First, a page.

Tuesday, July 16, 2013

Lighting Up The Night

To say that the game itself is the least interesting part of the All-Star Festivities is probably an understatement. The game rarely, if ever, lives up to the hype; I can only remember a handful of games that might have generated some excitement. They tend to be disjointed, sleepy affairs, certainly not for the short-attention span generation. Recent years have seen me become bored and tune out the game entirely, usually after the 4th or 5th inning, or whenever the Mets representatives had already played.

This year's affair held more juice than normal, if only because it was at Citi Field, my home ballpark, and much of the pomp and circumstance would basically be in my backyard. This wasn't like in 2008, when the whole thing was basically a Yankee lather job. This was the Mets moment in the sun, Citi Field's night to shine. Of course, the game was a dud overall, a 3-0 American League victory that featured great pitching, and more great pitching, and even more great pitching, and little else. But if nothing else, the hosts held up their end of the bargain.

You knew Matt Harvey would be cranked up for this particular start (and probably looking for a little more recognition), especially after the roaring ovation he received upon his introduction. But he nearly had his wheels come off in the 1st after allowing a leadoff double to Mike Trout and then hitting Robinson Cano (who was nice enough to not bother getting out of the way of Harvey's tailing fastball, but Harvey, ever gracious, apologized afterward), but Harvey, who has made a habit of not breaking, struck out Miguel Cabrera and, one out later, Jose Bautista to get out of the inning untarnished. His second inning was spotless, featuring a strikeout of Adam Jones, and thusly, his evening was done after two innings, allowing one hit and striking out 3, which was more or less a normal outing for him (you know, without the hype and getting pulled after 2 innings).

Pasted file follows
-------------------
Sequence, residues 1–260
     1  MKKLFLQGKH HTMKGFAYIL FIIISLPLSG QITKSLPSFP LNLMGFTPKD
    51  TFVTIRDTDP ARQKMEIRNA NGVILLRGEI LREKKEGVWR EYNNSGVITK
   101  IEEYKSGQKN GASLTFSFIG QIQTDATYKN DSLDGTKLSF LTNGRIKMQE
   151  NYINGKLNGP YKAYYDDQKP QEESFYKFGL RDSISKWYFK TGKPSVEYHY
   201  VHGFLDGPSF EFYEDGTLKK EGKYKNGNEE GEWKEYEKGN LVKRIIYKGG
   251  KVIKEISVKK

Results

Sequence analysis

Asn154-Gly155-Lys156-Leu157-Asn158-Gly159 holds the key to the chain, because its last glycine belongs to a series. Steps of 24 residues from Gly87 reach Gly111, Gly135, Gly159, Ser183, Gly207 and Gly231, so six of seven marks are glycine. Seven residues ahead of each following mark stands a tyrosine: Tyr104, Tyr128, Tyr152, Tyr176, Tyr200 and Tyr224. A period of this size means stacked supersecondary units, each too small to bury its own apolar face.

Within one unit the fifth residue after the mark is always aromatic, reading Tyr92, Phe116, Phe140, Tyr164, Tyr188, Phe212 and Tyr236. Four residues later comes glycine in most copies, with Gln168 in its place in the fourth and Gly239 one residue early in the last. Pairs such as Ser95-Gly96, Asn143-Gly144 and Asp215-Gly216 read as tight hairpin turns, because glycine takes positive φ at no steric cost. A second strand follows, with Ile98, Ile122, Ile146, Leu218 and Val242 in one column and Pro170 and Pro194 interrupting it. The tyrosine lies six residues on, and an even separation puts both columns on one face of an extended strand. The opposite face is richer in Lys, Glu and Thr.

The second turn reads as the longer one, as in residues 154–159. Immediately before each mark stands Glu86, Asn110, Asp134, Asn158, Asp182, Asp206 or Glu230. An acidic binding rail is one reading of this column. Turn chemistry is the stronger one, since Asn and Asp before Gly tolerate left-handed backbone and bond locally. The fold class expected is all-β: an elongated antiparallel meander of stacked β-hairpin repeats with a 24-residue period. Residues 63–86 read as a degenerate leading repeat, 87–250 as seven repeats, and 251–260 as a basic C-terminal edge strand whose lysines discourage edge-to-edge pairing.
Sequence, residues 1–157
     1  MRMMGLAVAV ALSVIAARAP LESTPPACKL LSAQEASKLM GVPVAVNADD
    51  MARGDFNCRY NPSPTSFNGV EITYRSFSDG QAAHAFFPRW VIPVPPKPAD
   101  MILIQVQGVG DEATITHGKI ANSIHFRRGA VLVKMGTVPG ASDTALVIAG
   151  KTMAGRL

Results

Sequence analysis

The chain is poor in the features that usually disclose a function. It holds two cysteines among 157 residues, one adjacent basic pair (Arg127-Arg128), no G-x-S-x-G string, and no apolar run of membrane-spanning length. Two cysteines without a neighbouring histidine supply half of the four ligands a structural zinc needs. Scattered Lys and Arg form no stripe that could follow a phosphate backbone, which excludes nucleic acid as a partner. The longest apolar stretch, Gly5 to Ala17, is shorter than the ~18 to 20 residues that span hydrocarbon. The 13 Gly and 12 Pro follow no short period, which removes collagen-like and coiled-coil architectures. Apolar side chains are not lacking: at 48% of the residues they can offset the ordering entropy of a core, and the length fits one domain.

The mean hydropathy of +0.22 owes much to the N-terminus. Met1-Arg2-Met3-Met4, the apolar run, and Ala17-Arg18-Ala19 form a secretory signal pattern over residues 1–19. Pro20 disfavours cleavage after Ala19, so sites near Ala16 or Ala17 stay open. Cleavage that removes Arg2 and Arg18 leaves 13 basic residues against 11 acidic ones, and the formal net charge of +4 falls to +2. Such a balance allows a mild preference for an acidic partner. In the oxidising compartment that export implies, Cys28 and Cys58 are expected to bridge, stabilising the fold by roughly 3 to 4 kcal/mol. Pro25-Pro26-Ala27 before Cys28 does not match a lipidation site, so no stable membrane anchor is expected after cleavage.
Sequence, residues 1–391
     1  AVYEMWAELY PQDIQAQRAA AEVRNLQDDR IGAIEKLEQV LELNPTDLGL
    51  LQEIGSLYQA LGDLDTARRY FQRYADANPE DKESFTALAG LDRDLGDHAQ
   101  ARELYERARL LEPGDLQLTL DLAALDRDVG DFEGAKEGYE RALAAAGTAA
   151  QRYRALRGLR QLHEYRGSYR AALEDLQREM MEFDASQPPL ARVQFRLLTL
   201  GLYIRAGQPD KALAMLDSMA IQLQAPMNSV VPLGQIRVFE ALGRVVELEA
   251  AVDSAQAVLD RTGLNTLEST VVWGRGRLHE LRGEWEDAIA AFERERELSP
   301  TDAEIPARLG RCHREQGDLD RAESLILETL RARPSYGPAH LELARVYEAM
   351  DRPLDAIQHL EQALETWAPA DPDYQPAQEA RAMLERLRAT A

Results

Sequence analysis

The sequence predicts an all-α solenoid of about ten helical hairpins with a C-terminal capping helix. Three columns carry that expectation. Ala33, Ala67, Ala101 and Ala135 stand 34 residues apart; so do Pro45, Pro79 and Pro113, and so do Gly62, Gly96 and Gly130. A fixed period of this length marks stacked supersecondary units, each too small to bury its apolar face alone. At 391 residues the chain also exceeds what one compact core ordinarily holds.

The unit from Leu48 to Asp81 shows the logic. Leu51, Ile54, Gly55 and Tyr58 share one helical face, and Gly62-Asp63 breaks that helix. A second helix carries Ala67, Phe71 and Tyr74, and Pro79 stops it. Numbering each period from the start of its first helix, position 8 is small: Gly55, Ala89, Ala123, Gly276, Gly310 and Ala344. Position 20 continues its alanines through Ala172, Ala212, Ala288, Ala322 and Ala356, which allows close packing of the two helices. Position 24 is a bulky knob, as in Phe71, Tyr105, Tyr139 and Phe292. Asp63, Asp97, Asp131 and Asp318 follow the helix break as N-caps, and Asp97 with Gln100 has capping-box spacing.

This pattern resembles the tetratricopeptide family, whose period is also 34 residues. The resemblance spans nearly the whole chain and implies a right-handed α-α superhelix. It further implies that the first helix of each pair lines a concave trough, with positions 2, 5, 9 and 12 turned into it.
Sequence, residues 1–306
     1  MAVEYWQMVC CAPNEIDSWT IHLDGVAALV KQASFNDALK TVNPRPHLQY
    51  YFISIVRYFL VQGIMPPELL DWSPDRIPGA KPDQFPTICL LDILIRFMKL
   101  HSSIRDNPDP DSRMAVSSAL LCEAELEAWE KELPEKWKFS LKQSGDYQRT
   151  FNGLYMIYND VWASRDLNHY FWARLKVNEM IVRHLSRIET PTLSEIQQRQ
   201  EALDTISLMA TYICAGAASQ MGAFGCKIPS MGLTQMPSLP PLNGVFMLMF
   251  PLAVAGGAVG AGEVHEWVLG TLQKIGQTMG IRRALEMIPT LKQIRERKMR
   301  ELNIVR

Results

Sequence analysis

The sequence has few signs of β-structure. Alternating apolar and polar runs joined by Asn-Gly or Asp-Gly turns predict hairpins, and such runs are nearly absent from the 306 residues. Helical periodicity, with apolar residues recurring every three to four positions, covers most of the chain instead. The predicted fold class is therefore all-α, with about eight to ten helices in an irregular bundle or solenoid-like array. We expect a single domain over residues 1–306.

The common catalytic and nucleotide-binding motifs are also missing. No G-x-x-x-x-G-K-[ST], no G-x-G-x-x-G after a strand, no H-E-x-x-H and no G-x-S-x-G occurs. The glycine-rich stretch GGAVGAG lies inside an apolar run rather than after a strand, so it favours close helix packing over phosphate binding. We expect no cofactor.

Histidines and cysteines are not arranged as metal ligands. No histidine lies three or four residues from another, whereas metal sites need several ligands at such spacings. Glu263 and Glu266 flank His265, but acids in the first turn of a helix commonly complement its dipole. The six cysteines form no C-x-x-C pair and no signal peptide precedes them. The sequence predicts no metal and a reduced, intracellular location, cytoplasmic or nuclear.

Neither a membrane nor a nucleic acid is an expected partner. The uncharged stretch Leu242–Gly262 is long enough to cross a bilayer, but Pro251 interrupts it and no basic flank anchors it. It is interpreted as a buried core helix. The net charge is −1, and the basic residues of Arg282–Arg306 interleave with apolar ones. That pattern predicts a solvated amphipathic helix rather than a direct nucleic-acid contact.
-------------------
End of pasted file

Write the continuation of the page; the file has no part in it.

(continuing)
Unfortunately, the National League couldn't muster any runs for Harvey, which has been a recurring theme for him this year. In fact, the NL managed all of 3 hits against the AL. But, one of them was by the All Star Game's de facto Master of Ceremonies, David Wright, who has a habit of getting at least one hit every time he plays in an All Star Game, kept his streak going with a 7th inning single that ended up being of little consequence.

And then, there was Citi Field. The Mets had last hosted an All Star Game in 1964, the first year at Shea Stadium. As a kid, I wondered when, or if, there would ever be another at Shea. As I got older, I realized why there never was: most stadiums were now these shimmering new palaces. Shea Stadium was what it was. Our loveable blue blob. Magnificent in its time, but lacking in pizzazz. The All Star Game needs some pizzazz (usually because the game stinks). Citi Field debuted in 2009 with that pizzazz and, in its 5th season, hosted its first All Star Game. And although I wasn't there because I wasn't approved for a loan, it seemed to me that Citi Field did not disappoint as host. The Mets fans were out in full force, giving the representatives of the Phillies, Braves, Nationals and Yankees their well-deserved jeers (Jose Fernandez of the Marlins didn't appear to draw much of a reaction, probably because he's young and he hasn't pissed us off yet). David Wright, Matt Harvey, Terry Collins and Davey Johnson were given their much-deserved heroes' welcomes. Even departed players Carlos Beltran and Carlos Gomez received warm welcomes. The park looked great, it played fair and a fine time appeared to be had by all.

Now, will it be another 49 years before the Mets host another All Star Game?

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